Dec 16, 2013

[Movies] The Hobbit: The Desolation of Smaug (2013)

One of my primary rules for writing reviews is to do my best to separate the source material from the adaptation - especially when it comes to movies. No matter how much the movie claims to be a faithful recreation of a prior work, it's only fair to at least try to treat it as a completely independent work.

It's not at all easy and I know I goof all the time. And this is especially true for adaptations tied to source material that I know rather well or feel relatively passionate about - enter The Hobbit.

I think I've already made my point in my about how silly it is that this is a trilogy in a prior post, so let's just live with that fact. Sure, we're not 100% happy that Peter Jackson turned a book geared for a younger audience into three mega-movies. Yes, we have to accept that Jackson and his team have to come up with new content to stretch the movie sufficiently to last three movies. But that's Hollywood for you.

So here's my attempt to review the movie - not how well the movie follows the book.

Synopsis: The Hobbit: The Desolation of Smaug is the 2013 adventure movie sequel to The Hobbit: An Unexpected Journey. The movie was still directed by Peter Jackson with a screenplay by Jackson, Fran Walsh, Philippa Boyens and Guillermo del Toro.

Following the events of the first movie, our group of adventures are still on the run from Azog and his orcs. As they continue on, Bilbo (Martin Freeman) also notices that a huge bear-like creature also appears to be pursuing them. Gandalf (Ian McKellan) then recommends that they seek shelter in the company of Beorn (Mikael Persbrandt) and thus they dash off with the orcs right on their heels. They eventually get to meet this mysterious Beorn who recommends that they pass through the Mirkwood in order to make up for lost time. Despite the dangerous of this particular forest, the party has little time to waste and thus they risk the venture.

At the same time, Gandalf leaves them just before they enter the Mirkwood in order to investigate the tombs of the Nazgûl. There is is joined by Radagast (Sylvester McCoy) and they discover something rather troubling. This eventually leads them to decide to finally venture into the ruins of Dol Guldur and determine the true nature of the Necromancer that is said be hiding there. With all of Midde Earth seeming to be falling further and further into darkness, there is certainly afoot that his hidden from the world including the likes of Gandalf and the White Council.

In many ways, this movie felt a lot better than the first one since there was a lot more going on. Book accuracy aside, this installment of the trilogy was certainly full of Peter Jackson signature fight sequences and tense moments as we watch the party run from one destination to another. There's a lot to be said about Jackson's rather unique perspective in creating these scenes that are a mix of action, tension and humor. However somewhat absent were the slower beauty shots and sequences that give you a sense of just how grand or epic the various locations in Middle Earth are. This was especially felt when it came to the realm of the Wood Elves when we were limited to views of the cells and the throne and little else. I was genuinely keen on seeing more of that particular kingdom!

The movie brought in a number of new characters to round up the cast - many of them not quite canonical as far as the original book is concerned.We all know Legolas (Orlando Bloom) from the first trilogy but we also have the completely new character Tauriel (Evangeline Lilly). She is your stereotypical badass female character (specifically an elf), who has her fair share of fight scenes where she gets to be all cool and even a touch of romance, albeit one that felt a little forced. She was fun enough I suppose, but she had a number of moments that felt out of place, primarily because she was trying to resolve plot threads at full Hollywood movie pacing.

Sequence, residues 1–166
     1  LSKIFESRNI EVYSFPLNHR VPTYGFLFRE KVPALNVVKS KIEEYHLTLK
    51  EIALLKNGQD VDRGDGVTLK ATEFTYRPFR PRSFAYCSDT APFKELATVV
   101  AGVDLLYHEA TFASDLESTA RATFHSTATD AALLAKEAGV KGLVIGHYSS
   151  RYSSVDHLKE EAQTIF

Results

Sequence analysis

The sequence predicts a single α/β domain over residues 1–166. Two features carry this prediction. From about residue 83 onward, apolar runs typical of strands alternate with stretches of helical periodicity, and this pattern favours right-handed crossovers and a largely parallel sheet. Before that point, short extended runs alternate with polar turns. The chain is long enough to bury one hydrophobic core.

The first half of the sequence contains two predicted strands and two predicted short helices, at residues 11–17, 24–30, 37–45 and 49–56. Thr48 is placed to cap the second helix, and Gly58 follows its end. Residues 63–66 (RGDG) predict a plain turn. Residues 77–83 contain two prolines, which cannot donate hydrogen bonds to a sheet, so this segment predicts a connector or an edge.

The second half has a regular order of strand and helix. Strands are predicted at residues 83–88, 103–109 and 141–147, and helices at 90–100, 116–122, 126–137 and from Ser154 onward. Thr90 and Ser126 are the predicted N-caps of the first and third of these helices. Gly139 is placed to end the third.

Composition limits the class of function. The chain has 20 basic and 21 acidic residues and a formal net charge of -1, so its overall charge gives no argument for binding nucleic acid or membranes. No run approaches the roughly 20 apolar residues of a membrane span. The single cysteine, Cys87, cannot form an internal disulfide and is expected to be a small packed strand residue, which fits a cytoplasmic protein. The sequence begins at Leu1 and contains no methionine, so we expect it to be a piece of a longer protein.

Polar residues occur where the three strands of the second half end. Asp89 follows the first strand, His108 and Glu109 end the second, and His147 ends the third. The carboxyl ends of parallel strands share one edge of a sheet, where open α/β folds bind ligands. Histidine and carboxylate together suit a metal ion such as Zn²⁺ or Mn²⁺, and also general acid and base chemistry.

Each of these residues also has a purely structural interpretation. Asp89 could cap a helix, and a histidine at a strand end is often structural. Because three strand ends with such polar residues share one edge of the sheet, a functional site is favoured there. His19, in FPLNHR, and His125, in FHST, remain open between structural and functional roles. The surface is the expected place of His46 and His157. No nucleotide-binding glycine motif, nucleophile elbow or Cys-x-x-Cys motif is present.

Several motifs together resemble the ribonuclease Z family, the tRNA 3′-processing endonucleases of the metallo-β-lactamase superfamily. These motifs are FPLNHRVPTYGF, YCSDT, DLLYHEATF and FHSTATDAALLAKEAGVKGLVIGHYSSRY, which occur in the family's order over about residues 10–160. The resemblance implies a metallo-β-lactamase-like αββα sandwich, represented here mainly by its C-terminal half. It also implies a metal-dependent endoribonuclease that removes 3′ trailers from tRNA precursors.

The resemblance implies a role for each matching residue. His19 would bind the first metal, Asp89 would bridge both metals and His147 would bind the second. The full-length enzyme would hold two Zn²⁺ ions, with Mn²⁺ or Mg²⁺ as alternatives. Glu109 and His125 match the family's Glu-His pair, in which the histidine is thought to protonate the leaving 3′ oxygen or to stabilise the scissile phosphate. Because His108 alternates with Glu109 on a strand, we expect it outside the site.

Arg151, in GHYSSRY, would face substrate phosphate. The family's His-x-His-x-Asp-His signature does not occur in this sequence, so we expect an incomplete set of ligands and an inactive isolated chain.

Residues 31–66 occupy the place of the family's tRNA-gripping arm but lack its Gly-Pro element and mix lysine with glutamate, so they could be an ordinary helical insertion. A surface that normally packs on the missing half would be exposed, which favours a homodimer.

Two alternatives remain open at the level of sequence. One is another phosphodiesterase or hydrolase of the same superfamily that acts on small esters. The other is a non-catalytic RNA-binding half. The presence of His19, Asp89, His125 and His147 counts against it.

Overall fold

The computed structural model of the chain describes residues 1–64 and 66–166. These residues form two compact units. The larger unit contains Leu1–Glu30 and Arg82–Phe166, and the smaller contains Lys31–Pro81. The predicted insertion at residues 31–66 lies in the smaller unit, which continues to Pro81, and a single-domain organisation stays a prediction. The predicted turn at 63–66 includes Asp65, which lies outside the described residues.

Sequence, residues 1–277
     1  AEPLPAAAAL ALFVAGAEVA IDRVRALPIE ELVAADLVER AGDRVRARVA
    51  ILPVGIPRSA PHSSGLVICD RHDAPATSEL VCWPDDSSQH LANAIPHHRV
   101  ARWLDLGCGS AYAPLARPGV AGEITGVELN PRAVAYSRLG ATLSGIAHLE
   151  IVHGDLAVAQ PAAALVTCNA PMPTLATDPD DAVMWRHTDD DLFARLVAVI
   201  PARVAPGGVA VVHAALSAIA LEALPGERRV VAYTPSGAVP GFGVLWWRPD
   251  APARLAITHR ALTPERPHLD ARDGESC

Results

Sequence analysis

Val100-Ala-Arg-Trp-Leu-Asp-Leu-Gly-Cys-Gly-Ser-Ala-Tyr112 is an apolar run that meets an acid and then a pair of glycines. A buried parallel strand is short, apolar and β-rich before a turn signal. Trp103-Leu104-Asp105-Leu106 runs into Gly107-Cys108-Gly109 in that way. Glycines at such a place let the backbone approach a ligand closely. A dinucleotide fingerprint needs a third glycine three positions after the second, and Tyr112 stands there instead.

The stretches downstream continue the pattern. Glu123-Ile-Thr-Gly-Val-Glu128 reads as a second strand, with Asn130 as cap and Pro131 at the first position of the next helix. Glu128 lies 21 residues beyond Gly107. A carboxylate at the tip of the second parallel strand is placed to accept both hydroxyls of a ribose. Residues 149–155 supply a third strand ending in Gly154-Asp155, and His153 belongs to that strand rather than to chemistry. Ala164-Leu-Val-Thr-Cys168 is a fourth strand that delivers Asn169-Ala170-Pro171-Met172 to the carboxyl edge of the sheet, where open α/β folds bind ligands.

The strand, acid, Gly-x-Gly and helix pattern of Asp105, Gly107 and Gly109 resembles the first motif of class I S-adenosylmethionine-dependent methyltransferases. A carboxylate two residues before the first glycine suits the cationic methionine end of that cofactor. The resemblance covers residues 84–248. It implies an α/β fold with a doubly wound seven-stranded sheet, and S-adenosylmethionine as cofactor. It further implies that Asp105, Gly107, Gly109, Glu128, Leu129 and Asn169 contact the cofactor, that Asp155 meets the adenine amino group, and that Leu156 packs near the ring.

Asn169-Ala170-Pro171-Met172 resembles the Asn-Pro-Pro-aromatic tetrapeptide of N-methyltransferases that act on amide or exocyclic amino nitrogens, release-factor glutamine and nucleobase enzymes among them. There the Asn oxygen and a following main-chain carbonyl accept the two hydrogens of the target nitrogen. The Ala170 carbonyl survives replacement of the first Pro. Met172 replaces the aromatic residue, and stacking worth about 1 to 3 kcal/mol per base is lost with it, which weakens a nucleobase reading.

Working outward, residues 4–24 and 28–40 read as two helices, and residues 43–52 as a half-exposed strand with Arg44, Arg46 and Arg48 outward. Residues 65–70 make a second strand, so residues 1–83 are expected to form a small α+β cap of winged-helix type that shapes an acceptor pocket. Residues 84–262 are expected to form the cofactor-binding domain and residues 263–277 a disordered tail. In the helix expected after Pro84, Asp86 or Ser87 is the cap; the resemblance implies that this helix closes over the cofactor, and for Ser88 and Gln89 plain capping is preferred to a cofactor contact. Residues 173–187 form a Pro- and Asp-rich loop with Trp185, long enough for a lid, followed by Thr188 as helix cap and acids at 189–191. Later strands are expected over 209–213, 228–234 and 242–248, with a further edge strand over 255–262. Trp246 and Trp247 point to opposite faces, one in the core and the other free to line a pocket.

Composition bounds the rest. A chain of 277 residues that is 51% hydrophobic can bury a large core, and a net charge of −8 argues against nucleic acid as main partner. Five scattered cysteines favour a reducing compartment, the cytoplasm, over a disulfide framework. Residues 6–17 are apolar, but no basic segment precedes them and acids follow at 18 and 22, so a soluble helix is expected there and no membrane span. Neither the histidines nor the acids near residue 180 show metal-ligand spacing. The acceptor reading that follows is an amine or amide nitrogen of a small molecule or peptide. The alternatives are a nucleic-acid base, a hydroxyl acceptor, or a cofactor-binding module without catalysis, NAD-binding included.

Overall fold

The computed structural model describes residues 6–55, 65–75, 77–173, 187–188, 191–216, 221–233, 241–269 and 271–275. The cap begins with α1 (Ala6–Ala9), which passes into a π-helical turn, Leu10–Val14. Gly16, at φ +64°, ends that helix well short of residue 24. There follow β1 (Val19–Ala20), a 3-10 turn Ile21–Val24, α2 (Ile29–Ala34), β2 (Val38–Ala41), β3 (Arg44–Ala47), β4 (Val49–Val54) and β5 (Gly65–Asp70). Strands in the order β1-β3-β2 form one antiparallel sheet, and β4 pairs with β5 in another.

But the fight scenes do have their rather entertaining moments, I have to admit. Jackson really does enjoy sequences that really showcase how the dwarves work together as a unit. The X-Men movies could learn a little from what they managed to accomplish here. At the same time though, these sequences are at times ridiculous and too cartoony and thus it's hard to fully appreciate things. They don't quite fit the overall tone of the movie given how Jackson was clearly trying to turn this into more of an serious adaptation of the original book.

The movie goes from one big adventure-action sequence to another with few breaks in-between. Despite the movie's length, it's as if they were constantly rushing to cover ground in terms of the story. But that's not because the book content was long but more than Jackson clearly had some pretty big plans in terms of how he wanted to expand on the original story. Ignoring book purists who argue that nothing that Tolkien didn't write should have been added, the movie does suffer a bit from lots of fluff.

If anything, Smaug is brilliant. It's hard to consider him being voiced by Benedict Cumberbatch given the added modulation added to the dragon's speeches really doesn't it make it feel like him. But the dragon is beautifully animated and his (lengthy) running dialog adds an interesting degree of menace to things.

Still, The Hobbit: The Desolation of Smaug is a great, fun film that provides a lot of great adventure storytelling and one heck of a cliffhanger. Thus the movie continues to rate 4 reasons to have the orcs running across Middle Earth out of a possible 5, similar to how the first movie rated.


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